'Visitor Management' is an innovative collection of case studies taken from cultural World Heritage Sites. Using examples from the world's most significant archaeological and architectural legacies this book identifies the problems involved with site management.
Cultural World Heritage Sites are extremely attractive to contemporary visitors. This poses many problems for site management, notably the need to preserve a delicate balance between interpretation, conservation and the provision of visitor facilities.
This contributed title takes examples from a range of UNESCO World Heritage Sites and shows models of good practice looking at the functions of the different organizations involved and the range of variation among sites. The contributors have international expertise and draw on first-hand knowledge at a practical level.
'Visitor Management: Case studies from World Heritage Sites' is ideal for practitioners and students involved in heritage management and conservation management. Undergraduate and postgraduate students in tourism, leisure and hospitality will also find this book an invaluable read.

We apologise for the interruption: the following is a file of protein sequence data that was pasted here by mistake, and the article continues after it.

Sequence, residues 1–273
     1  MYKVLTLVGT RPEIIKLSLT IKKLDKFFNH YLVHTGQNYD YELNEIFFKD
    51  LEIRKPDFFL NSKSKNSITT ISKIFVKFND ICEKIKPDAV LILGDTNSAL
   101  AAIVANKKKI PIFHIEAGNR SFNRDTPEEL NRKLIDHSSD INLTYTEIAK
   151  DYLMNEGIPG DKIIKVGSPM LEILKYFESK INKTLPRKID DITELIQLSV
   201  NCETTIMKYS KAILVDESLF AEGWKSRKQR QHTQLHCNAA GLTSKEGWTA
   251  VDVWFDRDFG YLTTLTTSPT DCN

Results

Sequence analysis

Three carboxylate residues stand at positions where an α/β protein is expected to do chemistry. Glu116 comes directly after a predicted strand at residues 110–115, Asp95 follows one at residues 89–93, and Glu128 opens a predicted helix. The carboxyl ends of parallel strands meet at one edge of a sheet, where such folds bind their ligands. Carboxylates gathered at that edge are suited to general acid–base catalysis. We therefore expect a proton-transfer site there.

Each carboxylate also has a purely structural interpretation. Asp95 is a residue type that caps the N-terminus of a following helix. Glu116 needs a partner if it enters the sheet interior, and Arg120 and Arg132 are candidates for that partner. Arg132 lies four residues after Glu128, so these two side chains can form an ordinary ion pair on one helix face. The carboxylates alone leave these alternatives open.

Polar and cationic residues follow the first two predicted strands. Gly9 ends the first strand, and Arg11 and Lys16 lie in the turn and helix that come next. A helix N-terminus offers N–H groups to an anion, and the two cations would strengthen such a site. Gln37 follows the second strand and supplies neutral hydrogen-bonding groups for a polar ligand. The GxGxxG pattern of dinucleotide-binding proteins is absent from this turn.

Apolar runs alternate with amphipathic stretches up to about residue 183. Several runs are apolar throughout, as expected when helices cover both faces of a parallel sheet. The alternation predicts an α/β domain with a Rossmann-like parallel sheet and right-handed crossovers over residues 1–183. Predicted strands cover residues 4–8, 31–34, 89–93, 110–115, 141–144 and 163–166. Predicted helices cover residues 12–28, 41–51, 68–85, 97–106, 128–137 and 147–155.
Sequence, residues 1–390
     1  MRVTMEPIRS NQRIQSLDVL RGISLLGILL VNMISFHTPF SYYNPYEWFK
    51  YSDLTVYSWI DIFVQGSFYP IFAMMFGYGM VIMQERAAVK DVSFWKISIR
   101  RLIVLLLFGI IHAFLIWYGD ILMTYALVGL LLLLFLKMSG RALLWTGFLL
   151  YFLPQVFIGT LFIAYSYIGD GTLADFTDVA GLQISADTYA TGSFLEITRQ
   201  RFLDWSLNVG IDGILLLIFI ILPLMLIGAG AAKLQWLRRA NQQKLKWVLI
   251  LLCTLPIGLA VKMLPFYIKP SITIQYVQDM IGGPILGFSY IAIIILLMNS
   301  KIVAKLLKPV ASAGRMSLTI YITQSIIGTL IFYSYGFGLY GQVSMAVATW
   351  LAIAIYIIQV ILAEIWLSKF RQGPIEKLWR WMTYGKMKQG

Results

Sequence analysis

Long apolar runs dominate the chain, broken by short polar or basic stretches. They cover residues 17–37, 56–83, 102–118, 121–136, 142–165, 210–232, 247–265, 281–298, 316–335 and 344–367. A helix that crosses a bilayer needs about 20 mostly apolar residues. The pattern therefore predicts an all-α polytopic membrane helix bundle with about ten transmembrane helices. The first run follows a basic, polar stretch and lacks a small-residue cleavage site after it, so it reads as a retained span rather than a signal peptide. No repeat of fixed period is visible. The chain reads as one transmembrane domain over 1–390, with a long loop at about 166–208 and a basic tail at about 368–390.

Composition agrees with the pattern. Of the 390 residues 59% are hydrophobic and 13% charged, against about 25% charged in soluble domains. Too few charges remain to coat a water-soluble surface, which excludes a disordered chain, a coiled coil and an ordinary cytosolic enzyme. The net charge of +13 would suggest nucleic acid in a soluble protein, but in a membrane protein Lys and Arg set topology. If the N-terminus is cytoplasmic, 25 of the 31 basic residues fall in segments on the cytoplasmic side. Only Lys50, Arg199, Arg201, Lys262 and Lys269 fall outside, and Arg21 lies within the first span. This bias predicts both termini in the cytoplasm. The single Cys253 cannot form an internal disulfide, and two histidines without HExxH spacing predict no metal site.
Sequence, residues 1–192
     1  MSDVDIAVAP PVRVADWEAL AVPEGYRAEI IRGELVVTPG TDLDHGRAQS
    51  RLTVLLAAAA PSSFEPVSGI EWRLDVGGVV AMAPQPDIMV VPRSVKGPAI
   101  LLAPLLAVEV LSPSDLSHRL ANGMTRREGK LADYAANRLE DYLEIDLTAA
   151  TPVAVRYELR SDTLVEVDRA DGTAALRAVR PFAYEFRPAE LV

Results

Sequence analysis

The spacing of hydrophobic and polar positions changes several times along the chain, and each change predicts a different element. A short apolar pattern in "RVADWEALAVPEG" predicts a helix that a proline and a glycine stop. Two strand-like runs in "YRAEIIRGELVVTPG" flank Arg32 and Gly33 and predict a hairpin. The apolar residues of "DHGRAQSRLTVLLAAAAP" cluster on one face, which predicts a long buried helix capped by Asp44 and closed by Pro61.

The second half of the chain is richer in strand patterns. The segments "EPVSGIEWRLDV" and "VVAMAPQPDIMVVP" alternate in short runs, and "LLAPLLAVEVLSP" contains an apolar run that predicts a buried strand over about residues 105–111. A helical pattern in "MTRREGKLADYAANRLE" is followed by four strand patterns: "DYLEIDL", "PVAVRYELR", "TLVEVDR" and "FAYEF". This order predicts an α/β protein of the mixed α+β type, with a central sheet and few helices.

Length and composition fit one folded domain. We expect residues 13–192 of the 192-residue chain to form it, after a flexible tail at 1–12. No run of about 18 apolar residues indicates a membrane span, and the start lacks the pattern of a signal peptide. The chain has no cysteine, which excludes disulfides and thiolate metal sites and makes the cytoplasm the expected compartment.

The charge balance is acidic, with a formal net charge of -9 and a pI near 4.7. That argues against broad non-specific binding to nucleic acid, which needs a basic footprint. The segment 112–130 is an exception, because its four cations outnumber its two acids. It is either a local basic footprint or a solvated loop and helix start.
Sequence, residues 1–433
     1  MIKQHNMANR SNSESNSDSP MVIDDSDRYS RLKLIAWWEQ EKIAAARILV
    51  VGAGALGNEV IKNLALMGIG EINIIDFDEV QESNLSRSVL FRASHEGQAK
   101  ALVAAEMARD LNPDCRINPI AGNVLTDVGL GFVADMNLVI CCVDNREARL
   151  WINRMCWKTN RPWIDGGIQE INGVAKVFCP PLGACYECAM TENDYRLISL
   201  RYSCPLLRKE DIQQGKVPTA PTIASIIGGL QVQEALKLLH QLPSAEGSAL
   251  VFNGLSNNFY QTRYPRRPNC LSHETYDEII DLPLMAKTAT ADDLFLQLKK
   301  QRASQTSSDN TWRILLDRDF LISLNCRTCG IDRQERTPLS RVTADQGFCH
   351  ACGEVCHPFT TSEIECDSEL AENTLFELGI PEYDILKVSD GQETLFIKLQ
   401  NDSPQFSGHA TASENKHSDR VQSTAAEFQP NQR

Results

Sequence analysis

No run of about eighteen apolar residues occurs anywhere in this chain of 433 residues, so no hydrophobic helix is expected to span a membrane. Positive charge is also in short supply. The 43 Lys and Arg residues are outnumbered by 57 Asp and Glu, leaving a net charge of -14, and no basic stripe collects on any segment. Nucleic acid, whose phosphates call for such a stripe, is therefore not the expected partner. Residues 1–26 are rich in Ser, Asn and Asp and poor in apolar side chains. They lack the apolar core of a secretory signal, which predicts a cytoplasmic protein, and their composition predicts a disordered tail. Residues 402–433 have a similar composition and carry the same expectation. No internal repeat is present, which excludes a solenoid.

Myra Shackley is Professor of Culture Resource Management and Head of the Centre for Tourism and Visitor Management at Nottingham Trent University. Her research interests lie in the management of cultural and wildlife tourism, particularly in relation to Protected Areas and World Heritage Sites. She has published eleven previous books, of which the last was 'Wildlife Tourism' (International Thompson Business Press, 1996) and has extensive research and consultancy interests within the field of visitor management.
Table of Contents
Introduction: World cultural heritage sites (Myra Shackley, Nottingham Trent University); Bukhara: Uzbekistan (David Airey, University of Surrey & Myra Shackley); The fortified church of Biertan: Transylvania (Alexandra Muresan, Nottingham Trent University); Cracow: Poland (David Airey); The cultural landscape of Rapa Nui: Easter Island, Chile (Myra Shackley); Giza: Egypt (Katie Evans, University of Derby & Lindsay Fielding, Nottingham Trent University); Hadrian's wall: UK (Sophie Turley, Nottingham Trent University); Kakadu National Park: Australia (Chris Ryan, Northern Territory University, Darwin); Lalibela: Ethiopia (Sheena Carlisle, Nottingham Trent University); Thebes: Luxor, Egypt (Jenny Rivers, Nottingham Trent University); Ninstints: Canada (Myra Shackley); Conclusions (Myra Shackley).